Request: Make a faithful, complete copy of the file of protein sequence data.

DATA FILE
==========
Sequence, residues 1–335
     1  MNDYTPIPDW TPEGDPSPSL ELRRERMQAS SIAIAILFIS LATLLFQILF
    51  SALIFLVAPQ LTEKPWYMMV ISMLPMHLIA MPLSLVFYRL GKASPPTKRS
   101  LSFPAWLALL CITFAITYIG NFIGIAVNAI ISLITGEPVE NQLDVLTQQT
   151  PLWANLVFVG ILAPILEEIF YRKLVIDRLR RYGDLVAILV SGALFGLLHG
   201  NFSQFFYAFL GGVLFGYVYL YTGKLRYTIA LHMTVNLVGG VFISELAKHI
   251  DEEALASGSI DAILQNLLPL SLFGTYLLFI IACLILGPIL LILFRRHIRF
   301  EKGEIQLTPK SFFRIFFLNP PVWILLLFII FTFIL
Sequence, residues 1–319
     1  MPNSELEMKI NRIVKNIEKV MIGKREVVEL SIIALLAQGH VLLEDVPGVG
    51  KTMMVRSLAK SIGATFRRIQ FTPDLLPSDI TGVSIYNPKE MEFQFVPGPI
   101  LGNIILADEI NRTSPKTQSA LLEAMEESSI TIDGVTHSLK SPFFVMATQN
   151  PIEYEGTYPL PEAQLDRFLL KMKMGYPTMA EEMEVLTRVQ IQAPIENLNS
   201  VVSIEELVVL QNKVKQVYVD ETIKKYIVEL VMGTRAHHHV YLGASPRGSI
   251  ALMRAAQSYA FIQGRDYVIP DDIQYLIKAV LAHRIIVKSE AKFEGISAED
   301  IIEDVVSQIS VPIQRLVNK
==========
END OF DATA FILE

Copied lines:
Sequence, residues 1–335
     1  MNDYTPIPDW TPEGDPSPSL ELRRERMQAS SIAIAILFIS LATLLFQILF
    51  SALIFLVAPQ LTEKPWYMMV ISMLPMHLIA MPLSLVFYRL GKASPPTKRS
   101  LSFPAWLALL CITFAITYIG NFIGIAVNAI ISLITGEPVE NQLDVLTQQT
   151  PLWANLVFVG ILAPILEEIF YRKLVIDRLR RYGDLVAILV SGALFGLLHG
   201  NFSQFFYAFL GGVLFGYVYL YTGKLRYTIA LHMTVNLVGG VFISELAKHI
   251  DEEALASGSI DAILQNLLPL SLFGTYLLFI IACLILGPIL LILFRRHIRF
   301  EKGEIQLTPK SFFRIFFLNP PVWILLLFII FTFIL
Sequence, residues 1–319
     1  MPNSELEMKI NRIVKNIEKV MIGKREVVEL SIIALLAQGH VLLEDVPGVG
    51  KTMMVRSLAK SIGATFRRIQ FTPDLLPSDI TGVSIYNPKE MEFQFVPGPI
   101  LGNIILADEI NRTSPKTQSA LLEAMEESSI TIDGVTHSLK SPFFVMATQN
   151  PIEYEGTYPL PEAQLDRFLL KMKMGYPTMA EEMEVLTRVQ IQAPIENLNS
   201  VVSIEELVVL QNKVKQVYVD ETIKKYIVEL VMGTRAHHHV YLGASPRGSI
   251  ALMRAAQSYA FIQGRDYVIP DDIQYLIKAV LAHRIIVKSE AKFEGISAED
   301  IIEDVVSQIS VPIQRLVNK